The dementia care related work I do

Below is a description of the work I do to support family caregivers of persons with dementia.

Summary: Simply put, I am a resource person on dementia care, available to other caregivers. I create online resources for dementia caregivers and try to provide them information and share caregiving experiences and tips with them. My focus is family caregivers in India who are involved in dementia home care. I do not affiliate myself with any organization*, and do not consider myself a dementia care expert or a social change agent or a mover/ shaker. Though I do use my experience to voice caregiver observations and concerns in various forums, I do not participate in lobbying or advocacy.

To elaborate, I focus on the following:

  • Keeping existing online dementia care resources up-to-date. I have already created a large body of online resources on dementia care in India, including an English website, Dementia Care Notes (over 125 pages), a Hindi website, Dementia Hindi (over 60 pages), a blog (this one, with around 200 entries), YouTube channels sharing dementia care videos and my personal caregiver stories, and resources and suggestions for other volunteers. (More complete listings available in sections: Dementia/ Care Resources for caregivers in India and Resources: If you want to help caregivers/ spread dementia awareness). I do periodic reviews and updates to these various resources, and try to ensure they remain usable and relevant.
  • Undertake self-imposed “projects” to add more online resources. I periodically undertake projects to create more online resources; these may include creating new English or Hindi presentations and documents, augmenting my websites to discuss some special topic or create new pages, adding blog entries, and so on. On a few occasions, I even write something for others, but this is rare . For these projects, I evaluate and select areas that I think caregivers may find useful and where I feel I can contribute effectively. My ability to undertake such projects depends on time availability, which is also impacted by my other commitments (unrelated to the dementia cause).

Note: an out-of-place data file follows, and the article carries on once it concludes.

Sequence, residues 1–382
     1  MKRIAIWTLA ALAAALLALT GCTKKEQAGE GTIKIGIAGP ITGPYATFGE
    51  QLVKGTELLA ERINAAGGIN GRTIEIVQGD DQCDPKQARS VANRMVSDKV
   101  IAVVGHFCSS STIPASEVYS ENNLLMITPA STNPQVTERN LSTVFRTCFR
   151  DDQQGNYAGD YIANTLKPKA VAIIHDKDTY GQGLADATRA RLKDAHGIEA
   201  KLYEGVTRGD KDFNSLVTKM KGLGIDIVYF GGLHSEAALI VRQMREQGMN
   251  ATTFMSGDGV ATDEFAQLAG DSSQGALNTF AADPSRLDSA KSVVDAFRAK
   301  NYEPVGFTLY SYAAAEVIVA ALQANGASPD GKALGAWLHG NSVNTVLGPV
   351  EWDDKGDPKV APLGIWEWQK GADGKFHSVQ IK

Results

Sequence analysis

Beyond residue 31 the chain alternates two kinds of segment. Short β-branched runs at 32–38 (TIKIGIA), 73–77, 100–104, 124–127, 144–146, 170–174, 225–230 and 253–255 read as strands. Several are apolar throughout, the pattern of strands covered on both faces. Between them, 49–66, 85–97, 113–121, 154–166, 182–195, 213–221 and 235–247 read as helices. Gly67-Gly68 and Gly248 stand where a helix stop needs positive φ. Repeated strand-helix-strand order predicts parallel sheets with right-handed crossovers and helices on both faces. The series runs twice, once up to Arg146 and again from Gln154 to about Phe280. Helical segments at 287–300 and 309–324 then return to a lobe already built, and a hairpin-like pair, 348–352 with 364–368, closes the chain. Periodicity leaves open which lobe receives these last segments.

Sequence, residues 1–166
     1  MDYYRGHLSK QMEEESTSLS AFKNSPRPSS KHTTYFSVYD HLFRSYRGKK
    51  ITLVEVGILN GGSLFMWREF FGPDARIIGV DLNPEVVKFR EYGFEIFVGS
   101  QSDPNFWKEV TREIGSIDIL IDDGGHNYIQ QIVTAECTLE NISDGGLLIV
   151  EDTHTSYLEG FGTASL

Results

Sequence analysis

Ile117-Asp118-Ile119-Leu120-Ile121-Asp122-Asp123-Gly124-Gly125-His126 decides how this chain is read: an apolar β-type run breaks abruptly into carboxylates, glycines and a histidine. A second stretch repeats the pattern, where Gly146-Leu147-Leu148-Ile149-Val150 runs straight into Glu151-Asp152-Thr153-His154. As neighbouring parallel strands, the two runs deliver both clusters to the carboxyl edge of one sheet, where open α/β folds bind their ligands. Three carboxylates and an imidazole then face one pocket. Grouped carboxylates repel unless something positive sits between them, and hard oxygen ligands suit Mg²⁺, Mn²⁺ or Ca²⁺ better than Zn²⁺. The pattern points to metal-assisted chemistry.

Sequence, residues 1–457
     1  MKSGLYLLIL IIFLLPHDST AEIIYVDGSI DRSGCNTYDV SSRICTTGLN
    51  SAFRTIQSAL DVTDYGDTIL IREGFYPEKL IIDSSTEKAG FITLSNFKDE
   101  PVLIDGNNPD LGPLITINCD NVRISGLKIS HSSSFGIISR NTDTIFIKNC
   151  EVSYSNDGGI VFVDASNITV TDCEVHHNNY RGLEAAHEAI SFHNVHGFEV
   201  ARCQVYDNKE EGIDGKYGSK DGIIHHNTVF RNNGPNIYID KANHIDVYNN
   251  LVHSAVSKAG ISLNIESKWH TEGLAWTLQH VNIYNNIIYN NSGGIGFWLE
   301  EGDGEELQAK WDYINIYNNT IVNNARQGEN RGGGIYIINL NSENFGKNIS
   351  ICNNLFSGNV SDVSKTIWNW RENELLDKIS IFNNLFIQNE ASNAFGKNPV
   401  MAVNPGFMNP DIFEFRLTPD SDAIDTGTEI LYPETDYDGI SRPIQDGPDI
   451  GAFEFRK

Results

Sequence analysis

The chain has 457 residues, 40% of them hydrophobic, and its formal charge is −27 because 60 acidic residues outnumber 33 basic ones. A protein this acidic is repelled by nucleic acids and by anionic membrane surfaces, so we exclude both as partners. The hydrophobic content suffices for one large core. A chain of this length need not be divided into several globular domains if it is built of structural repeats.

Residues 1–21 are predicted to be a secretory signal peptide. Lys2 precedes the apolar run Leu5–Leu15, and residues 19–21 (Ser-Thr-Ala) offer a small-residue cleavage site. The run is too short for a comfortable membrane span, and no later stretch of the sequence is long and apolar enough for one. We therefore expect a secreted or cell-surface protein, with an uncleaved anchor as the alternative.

• I respond to caregivers and concerned persons who contact me to understand dementia/ care in India, or to get suggestions or share ideas related to it. Because of my online visibility, I am often contacted by caregivers, students, researchers, newspaper reporters, existing and potential volunteers, persons curious about dementia and care, and so on. People contact me using email and the contact forms on my various websites, or even through social media sites. I try to respond as appropriately as I can, sharing my perspective and experiences. I find that interacting with persons other than caregivers can sometimes be an effective way to “multiply” my caregiver reach as these persons may end up doing something to benefit multiple caregivers.
  • I sometimes present my observations and concerns in some conferences. This happens once in a while. The presentations I make are available on my SlideShare account for easy reference for those who were not present in the conference. These, along with other material I have prepared, can be viewed at Presentations, infographics and documents on Slideshare)

The above involvement takes up a significant part of my available time and energy.

What I do not do:

  • I do not plan to get into providing services like trained attendants, respite care, etc. I do not plan to associate with/ act as consultant to anyone else setting up facilities.
  • I do not have any bricks-and-mortar support mechanism. I do not have an office where people can come to meet me. I do not have a space where I hold trainings or awareness classes. I do not plan to change this situation.
  • I do not partner or take up an official position for any existing or new venture.(read more if curious)
  • I do not sign petitions or lobby for anything. I do not understand the macro picture well enough to sign something saying the Govt. should spend X amount of money or attention for dementia (because attention spent in one thing is attention removed from another, and I am not an economist or policy maker). While I may emotionally feel strongly that more needs to be done about dementia, and I personally do whatever I think I can do, I do not consider my strong emotions as a valid reason to say the macro picture should change because I feel this.